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The Boston Marathon Bombing Is Going To Be A Movie Now, ‘The Fighter’ Writers To Pen Script

The Boston Marathon Bombing Is Going To Be A Movie Now, 'The Fighter' Writers To Pen Script

Well, (almost) three months have gone by since the Boston Marathon bombing and that’s apparently a respectable enough period of time for Hollywood to sit back before getting their fangs into this one. Right? Well, whether it is or isn’t, this was bound to happen sooner or later. So yes, a movie about the terrifying event is on the way because cinema seems to be where America likes to heal its wounds.

Deadline reports that the pens behind David O. Russell‘s “The Fighter” — Paul Tamasy and Eric Johnson – have snapped up the rights to a yet-to-be-published book by Casey Sherman and Boston Herald reporter Dave Wedge about the bombing, and the subsequent manhunt for the Tsarnaev brothers responsible for the crime. This will be a reunion of creatives of sorts as Tamasy and Johnson have previously penned an adaptation of Sherman’s book “The Finest Hour,” a rescue story about two oil tankers that crashed in 1952, that has Robert Schwentke attached to direct.

Obviously, this stuff is inherently dramatic and it’s easy to see why anyone would want to make a movie about the Boston bombing, but as 9/11 proved, tragic real history doesn’t necessarily translate into great filmmaking (one could argue Spike Lee‘s “25th Hour” is the best post-9/11 movie and it’s not even directly about the event). So all we’ll say is proceed with caution guys. But hey, the eventual movie can’t be any worse than the actual reporting that went on around the event….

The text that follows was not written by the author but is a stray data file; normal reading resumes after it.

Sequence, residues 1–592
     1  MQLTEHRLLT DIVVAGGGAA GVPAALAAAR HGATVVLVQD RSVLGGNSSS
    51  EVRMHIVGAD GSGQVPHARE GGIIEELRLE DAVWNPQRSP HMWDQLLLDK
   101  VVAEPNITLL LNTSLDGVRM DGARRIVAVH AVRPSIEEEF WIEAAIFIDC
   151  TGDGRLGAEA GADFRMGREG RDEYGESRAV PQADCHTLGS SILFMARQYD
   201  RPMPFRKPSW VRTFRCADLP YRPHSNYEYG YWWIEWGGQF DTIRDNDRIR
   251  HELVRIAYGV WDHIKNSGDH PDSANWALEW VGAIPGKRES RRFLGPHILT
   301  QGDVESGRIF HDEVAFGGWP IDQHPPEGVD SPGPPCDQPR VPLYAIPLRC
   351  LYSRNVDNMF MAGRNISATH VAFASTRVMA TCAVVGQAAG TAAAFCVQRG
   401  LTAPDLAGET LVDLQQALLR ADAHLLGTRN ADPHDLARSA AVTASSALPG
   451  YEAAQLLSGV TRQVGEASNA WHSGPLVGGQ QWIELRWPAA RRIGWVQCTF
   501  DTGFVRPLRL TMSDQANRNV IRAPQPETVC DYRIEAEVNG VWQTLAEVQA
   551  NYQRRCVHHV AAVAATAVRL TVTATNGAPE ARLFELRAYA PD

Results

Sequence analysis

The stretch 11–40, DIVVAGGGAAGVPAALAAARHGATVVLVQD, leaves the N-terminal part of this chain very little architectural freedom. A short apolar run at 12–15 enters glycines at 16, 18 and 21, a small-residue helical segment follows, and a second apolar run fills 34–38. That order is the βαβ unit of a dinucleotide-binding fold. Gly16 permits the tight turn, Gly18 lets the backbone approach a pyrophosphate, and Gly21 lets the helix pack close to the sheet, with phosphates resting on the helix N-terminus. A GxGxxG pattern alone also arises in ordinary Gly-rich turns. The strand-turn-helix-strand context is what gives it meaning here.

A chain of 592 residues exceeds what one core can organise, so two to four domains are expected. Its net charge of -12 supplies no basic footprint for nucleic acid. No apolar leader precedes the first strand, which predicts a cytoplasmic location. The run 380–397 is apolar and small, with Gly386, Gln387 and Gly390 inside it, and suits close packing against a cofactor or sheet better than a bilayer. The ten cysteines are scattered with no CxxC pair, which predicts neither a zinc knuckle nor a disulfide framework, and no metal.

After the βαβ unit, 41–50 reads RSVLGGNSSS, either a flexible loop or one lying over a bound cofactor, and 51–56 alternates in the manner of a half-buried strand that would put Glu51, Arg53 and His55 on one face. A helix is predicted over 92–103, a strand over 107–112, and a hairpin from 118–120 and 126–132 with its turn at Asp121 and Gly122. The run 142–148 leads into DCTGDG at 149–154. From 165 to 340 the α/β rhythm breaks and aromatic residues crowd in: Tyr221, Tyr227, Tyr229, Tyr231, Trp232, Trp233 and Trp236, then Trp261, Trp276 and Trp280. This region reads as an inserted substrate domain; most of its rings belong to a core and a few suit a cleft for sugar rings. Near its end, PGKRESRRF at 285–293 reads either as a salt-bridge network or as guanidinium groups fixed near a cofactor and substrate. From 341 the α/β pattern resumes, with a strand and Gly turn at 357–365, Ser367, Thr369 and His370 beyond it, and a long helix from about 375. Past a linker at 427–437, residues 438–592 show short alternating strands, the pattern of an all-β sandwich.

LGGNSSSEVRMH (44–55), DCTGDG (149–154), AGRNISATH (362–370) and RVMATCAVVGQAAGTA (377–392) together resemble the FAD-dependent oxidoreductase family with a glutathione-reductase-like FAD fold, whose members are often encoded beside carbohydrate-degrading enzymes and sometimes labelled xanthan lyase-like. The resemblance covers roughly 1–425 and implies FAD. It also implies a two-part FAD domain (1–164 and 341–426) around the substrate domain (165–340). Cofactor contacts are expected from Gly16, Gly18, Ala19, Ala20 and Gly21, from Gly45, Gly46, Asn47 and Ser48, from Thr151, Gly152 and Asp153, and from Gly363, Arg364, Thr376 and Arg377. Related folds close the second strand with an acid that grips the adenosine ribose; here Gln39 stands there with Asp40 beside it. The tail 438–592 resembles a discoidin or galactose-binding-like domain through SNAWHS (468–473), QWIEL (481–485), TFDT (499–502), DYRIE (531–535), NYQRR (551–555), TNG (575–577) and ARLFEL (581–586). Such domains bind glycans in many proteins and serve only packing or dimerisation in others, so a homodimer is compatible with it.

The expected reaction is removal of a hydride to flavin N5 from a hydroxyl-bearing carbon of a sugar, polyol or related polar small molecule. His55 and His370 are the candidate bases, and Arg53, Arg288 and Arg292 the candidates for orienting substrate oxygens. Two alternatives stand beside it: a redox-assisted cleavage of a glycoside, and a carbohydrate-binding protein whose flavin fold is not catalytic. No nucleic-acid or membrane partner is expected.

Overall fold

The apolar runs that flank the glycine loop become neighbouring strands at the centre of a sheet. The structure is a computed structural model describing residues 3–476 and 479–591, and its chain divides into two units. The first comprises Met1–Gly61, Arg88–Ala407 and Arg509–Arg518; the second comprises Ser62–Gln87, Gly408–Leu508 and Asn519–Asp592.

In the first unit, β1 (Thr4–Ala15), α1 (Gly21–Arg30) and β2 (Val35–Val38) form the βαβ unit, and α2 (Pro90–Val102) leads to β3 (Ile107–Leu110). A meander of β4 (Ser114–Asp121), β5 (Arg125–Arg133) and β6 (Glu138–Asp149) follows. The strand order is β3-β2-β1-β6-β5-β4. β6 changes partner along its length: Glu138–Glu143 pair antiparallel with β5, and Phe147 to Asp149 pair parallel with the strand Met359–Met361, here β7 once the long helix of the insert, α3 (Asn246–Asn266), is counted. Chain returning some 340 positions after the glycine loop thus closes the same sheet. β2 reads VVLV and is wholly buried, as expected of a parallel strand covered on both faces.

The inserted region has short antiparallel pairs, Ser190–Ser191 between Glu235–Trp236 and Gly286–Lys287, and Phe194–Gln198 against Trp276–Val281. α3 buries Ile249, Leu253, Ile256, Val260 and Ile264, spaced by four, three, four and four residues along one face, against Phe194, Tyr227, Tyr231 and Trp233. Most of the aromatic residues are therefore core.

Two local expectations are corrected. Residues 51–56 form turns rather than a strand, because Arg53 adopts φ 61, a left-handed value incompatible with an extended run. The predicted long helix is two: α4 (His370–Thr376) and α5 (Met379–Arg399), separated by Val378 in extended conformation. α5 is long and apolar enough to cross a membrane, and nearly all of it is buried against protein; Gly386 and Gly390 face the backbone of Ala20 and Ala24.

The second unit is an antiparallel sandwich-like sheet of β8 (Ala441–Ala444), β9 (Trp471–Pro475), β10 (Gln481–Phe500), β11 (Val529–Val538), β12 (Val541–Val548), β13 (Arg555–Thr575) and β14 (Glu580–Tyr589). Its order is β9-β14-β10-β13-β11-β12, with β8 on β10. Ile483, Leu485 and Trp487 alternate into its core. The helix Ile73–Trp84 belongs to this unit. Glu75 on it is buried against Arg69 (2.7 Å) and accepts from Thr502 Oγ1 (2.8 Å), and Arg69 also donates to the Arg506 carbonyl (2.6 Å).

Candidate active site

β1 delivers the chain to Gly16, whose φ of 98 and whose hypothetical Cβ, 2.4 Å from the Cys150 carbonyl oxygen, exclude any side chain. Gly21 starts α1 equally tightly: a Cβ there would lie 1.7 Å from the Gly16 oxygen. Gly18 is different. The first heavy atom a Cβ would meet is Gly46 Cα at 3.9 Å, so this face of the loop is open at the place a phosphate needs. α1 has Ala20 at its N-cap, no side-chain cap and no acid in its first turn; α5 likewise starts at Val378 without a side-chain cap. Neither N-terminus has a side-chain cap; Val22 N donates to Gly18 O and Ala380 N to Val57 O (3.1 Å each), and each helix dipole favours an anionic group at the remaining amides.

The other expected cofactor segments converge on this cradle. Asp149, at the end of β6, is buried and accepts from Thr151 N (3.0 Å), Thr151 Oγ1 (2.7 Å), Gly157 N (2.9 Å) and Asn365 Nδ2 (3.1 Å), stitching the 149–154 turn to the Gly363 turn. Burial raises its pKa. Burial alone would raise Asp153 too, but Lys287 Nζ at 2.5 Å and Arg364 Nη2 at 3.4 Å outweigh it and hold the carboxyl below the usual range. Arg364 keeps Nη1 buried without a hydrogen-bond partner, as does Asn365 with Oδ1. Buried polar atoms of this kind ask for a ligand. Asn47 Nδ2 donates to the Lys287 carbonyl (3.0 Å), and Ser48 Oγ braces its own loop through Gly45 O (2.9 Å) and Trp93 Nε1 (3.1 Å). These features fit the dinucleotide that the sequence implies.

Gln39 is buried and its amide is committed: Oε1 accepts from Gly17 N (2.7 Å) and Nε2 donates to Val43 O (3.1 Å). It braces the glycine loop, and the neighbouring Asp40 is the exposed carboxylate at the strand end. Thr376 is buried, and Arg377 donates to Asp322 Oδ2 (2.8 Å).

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As long as Paul Greengrass's staggering "United 93" exists, I find it impossible to argue that any other film comes close to it as the greatest film to tackle the 9/11 attacks. (As good a film as "25th Hour" is…)

Greengrass had the nerve to approach the story directly, a seemingly impossible task, and yet managed to make a film that's even-handed, not sentimentalized, not exploitative, not glamorized, and profoundly gripping and moving.

It also manages to say a HUGE amount about the topic despite its intentionally limited scope. The image of the hands of the terrorists and the passengers on the controls of the plane as it goes into the ground is one of the most unbearable yet honest and insightful depictions of the post-9/11 era.

In his commentary, he describes how the people on that plane were the whole world in microcosm, because they were the first to enter the "post-9/11 world" by understanding what was happening, and they were the first to have to make the impossible choices about how to react. His film offers no answers, only questions. It's colossally brilliant.

I know it's cool to shout "too soon", but there's always the chance the result will be a lasting work of art like this.

concerned citizen kane

Can we not give these psychopaths any more publicity, even bad publicity? I will never understand Hollywood's perverse need to represent trauma so soon after the trauma itself. Or, no, I understand it – it's a cash grab, it's a studio fishing for awards, its about getting attention, etc. But if these people really wanted to pay respect, they would leave this subject alone.

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